The importance of embodied religious practice to public Islam in Indonesia is easily underrated. This article undertakes an empirical examination of two domains of public Islam in Indonesia: women's piety and formal Islamic party politics. Based on research with women's groups in West Java, the author argues that Islamic party politics rely upon fragmentation resulting from different understandings of embodied practices, while the consensus supporting women's piety requires suppression of this fragmentation. Political actors locate themselves in a male-dominated political sphere by aligning within a matrix of different meanings of practices. Yet the national consensus that sustains support for the majelis taklim (women's study groups) encourages an undifferentiated approach to practice, in which motherhood metaphors serve as the basis for the public legitimacy of women's pious practice. However, in actual practice, many women, notably Muslim feminists, differentiate practices, thereby bringing them into the field of public contest.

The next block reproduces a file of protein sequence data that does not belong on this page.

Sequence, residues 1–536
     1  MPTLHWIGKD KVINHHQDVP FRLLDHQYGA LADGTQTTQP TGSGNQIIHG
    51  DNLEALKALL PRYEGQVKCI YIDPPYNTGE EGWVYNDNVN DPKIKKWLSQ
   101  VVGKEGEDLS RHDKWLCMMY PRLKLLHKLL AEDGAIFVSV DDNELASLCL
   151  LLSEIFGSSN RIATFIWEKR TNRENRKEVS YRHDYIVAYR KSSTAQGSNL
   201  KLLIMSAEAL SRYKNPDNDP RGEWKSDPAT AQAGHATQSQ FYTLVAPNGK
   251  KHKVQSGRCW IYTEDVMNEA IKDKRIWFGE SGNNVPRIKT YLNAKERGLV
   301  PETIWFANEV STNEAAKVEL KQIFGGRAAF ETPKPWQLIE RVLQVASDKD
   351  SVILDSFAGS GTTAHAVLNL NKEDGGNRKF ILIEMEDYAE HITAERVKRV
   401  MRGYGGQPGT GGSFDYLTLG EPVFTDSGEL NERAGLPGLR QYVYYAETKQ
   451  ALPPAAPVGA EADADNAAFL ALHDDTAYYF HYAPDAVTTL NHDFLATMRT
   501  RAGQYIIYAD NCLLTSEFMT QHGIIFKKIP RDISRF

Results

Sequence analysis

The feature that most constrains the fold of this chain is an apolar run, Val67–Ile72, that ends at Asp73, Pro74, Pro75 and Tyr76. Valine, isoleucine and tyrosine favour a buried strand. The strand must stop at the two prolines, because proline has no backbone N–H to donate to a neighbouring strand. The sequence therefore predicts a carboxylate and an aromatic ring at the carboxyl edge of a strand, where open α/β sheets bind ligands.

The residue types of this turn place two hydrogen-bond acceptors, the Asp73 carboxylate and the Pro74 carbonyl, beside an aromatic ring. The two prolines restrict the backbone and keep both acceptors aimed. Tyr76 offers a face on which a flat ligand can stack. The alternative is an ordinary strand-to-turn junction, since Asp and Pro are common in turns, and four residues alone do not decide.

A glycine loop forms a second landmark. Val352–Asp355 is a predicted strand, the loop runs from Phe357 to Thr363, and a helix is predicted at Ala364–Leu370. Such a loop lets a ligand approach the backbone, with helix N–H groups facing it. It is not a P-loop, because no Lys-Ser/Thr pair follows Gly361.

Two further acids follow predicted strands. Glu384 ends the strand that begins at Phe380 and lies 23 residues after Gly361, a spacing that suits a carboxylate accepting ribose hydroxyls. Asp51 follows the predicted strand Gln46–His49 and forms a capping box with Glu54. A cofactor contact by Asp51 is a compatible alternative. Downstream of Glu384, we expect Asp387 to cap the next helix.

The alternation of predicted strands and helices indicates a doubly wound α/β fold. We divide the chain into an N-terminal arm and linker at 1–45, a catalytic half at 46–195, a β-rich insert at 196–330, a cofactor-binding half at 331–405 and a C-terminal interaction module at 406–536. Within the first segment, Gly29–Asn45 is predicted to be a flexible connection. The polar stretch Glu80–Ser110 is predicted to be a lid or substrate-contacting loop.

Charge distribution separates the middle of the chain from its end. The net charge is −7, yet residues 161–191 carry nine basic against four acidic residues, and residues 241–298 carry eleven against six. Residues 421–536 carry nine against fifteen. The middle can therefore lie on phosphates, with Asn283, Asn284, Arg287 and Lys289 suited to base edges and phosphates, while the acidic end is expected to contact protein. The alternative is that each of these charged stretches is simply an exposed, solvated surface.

- embodiment and public spheres
- Indonesian Islam
- majelis taklim
- public Islam in Indonesia
- religion and the public sphere
- women's pious practice